Take Care Out There: Prepare, Care & Connect While Outdoors

Visitors talk with a park ranger overlooking the Painted Hills near Mitchell, Oregon.

Brand Story – How Travel Oregon and partners collaborate to enhance Oregon’s outdoor experiences

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This year, on February 14, in celebration of Oregon’s 161st birthday, Travel Oregon launched “Take Care Out There,” a statewide campaign supported by government organizations, nonprofits and private companies.

Take Care Out There encourages the public to “Prepare, Care, Connect” when they venture into Oregon’s outdoors, whether that’s hiking a world-class trail, biking on the Coast, lounging in a forest or enjoying a park picnic. The campaign is a result of the collaborative work of the Oregon Outdoor Recreation Network (OORN) launched in the summer of 2016.

The OORN began when Travel Oregon convened a leadership team of 25 like-minded entities interested in growing and improving the outdoor recreation economy. Among them was the U.S. Forest Service and Bureau of Land Management.   

TakeCareOutThere Poster 2019 2
“We looked at outdoor recreation broadly and thought about the 15-year vision,” explains Bonnie Lippitt, regional tourism program manager, US Forest Service and BLM. “As we did that, we identified nine impact areas that we thought should be the pillars of this network.”

These priorities offer a holistic view of the many factors intertwined with outdoor recreation: economic impact, leadership and advocacy, community livability and wellbeing, stewardship of natural resources, education, transportation, and diversity of participants. Marketing and communications comprised the final pillar, ensuring that the network’s impact would reach local businesses and members of the public.

Those various impact areas soon began coming to life. Diving into the marketing and communications component, Lippitt and the team decided to concentrate on encouraging responsible recreation, an effort that eventually solidified as Take Care Out There.

The group looked at visitor behaviors within various destinations and pinpointed those it wanted to see change. From there, the group developed messages to influence these specific behaviors, which resulted in a toolkit and style guide for use by public entities, such as regional destination management organizations, and private business partners, such as REI or KEEN.  

“The overall goal is that we’re speaking as a statewide outdoor recreation industry to residents and visitors about how to be in the Oregon outdoors in a responsible and enjoyable way,” Lippitt continues. “It ultimately supports the industry, which supports the overall economy, but with an eye toward helping rural communities develop outdoor recreation.”

The intention behind the campaign is to bring awareness to visitors as they are planning for or experiencing Oregon’s outdoors. For example, this initiative could help relieve trail congestion and improve safety by encouraging people to plan ahead or consider what gear they will need.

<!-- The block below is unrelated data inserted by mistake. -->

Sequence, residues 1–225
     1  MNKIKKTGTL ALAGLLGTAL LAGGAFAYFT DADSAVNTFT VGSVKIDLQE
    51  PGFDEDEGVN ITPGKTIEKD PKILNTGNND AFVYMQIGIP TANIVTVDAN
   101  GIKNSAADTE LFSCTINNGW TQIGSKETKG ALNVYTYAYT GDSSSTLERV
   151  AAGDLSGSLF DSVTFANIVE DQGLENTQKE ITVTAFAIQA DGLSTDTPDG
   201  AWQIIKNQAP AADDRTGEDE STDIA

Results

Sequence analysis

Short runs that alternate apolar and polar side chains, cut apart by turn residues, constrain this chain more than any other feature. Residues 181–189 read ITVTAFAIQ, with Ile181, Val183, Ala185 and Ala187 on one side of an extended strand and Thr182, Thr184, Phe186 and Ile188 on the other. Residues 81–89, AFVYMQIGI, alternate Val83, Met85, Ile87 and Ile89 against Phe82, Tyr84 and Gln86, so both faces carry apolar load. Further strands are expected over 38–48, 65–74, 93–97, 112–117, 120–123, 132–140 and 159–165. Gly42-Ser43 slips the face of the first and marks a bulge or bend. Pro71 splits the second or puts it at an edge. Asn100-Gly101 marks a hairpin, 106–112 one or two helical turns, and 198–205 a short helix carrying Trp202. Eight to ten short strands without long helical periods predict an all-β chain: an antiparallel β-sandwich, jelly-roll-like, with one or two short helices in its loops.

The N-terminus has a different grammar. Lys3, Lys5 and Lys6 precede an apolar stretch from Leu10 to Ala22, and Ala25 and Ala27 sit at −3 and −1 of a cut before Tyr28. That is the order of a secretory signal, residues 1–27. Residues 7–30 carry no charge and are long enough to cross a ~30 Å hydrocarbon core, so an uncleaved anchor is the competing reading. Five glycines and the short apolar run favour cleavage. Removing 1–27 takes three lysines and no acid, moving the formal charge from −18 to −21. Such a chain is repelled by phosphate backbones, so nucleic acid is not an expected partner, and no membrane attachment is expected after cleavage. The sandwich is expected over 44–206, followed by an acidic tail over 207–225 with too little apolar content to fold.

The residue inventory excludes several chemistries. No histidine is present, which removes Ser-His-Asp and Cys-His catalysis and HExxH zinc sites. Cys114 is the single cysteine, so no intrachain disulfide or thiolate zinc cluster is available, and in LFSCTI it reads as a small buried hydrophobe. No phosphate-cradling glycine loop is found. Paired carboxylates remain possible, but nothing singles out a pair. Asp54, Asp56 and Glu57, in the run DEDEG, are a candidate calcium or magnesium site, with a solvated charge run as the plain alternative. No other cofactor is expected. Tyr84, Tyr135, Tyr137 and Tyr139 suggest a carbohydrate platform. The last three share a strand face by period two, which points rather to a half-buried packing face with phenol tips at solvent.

Mountains Legacy Oregon 15Rafting on the Clackamas River   | photo courtesy Mountains Legacy

Maximizing positive outcomes is part of its mission too.

“It’s not only about not doing things, it’s about doing things that will add to the quality of the experience,” says Lippitt. “There are problems we want to address but there are also opportunities we want to address and encouragement we want to provide.”

The Take Care Out There campaign’s framework centers on three calls to action: prepare, care and connect. Prepare encourages people to plan ahead and be ready for anything. Care is everything from making smart choices while outdoors to respecting the land and others on the trail. Connect comes down to enjoying yourself, connecting with the local community and spreading goodwill.

“These are public lands, and all of the public has a right to and should feel welcome exploring it and engaging in outdoor activities,” Lippitt adds. “We just want to encourage them to think about the type of experience they want to have and prepare for that.”

Mountains Legacy Oregon 163Alvord Desert in southeastern Oregon   | photo courtesy Mountains Legacy

As the campaign targets visitor behavior, it asks businesses and organizations to consider how and when they interact with visitors; identify visitor behaviors they would like to influence; and use content from the Take Care Out There messaging framework accordingly.

Additionally, these businesses and organizations can use and adapt the style guide’s digital assets to best align with their individual motivations and marketing needs. The packet offers tips on how to leverage the materials: social media images and hashtags, printable posters and signage, and a promo video.  

To be clear, Take Care Out There is anything but a fleeting, one-month campaign. It marks the launch of a long-term movement on how Oregon welcomes, prepares and celebrates locals, visitors and communities engaged with the outdoor industry.  

An organization’s involvement can be as simple as hanging up a poster in its store window or posting a social media tile to one of its accounts. Regardless, participants contribute to spreading a healthy recreation mindset and encouraging everyone to fully enjoy Oregon’s natural beauty.

“There’s more and more research that shows that when we spend time outdoors, we’re healthier people,” Lippitt concludes. “It’s good for us. It’s about connecting: go outdoors and connect with nature.”
For more information, visit traveloregon.com/industry


Brand stories are paid content articles that allow Oregon Business advertisers to share news about their organizations and engage with readers on business and public policy issues.  The stories are produced in house by the Oregon Business marketing department. For more information, contact associate publisher Courtney Kutzman.